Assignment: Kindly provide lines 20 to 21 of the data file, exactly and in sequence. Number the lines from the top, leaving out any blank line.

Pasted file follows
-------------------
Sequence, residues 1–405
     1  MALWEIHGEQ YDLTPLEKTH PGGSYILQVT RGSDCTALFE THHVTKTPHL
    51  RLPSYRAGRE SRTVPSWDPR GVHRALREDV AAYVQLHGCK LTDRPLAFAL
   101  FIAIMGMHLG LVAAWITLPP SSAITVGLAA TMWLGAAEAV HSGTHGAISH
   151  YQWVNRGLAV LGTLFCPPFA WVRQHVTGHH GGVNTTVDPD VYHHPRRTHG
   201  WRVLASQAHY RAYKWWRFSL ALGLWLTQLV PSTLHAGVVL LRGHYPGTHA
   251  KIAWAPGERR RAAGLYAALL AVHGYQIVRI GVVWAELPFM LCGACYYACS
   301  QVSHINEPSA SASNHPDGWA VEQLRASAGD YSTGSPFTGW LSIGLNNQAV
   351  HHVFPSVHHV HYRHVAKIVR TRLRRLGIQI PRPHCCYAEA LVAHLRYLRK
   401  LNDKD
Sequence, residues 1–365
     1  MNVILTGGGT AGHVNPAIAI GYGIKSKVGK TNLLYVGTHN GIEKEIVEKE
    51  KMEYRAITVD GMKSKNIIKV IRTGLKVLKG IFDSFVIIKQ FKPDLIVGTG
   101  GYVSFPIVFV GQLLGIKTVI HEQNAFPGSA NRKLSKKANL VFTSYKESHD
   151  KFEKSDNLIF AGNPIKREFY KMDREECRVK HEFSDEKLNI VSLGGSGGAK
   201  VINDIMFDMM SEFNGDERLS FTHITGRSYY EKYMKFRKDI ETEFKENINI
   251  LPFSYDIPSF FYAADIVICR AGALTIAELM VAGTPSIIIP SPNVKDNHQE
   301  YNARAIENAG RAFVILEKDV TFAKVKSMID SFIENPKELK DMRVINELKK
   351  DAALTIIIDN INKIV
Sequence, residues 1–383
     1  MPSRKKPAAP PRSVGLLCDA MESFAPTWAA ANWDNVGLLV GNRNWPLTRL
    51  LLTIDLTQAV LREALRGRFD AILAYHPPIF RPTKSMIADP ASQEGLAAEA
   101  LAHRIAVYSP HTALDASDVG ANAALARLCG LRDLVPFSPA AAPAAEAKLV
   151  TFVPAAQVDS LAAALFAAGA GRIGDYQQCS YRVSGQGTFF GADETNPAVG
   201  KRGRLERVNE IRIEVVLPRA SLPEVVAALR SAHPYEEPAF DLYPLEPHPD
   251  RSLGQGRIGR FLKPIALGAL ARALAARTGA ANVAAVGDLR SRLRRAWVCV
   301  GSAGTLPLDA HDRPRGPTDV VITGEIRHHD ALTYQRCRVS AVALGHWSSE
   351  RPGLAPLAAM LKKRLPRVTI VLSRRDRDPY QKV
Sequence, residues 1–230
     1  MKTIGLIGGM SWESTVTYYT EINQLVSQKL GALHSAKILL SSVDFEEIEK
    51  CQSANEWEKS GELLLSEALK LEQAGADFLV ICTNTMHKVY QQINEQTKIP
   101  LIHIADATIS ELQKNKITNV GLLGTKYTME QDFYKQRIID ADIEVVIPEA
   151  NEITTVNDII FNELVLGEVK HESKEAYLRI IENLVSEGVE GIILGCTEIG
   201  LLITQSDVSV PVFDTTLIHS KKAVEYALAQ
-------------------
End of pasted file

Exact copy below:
Sequence, residues 1–383
     1  MPSRKKPAAP PRSVGLLCDA MESFAPTWAA ANWDNVGLLV GNRNWPLTRL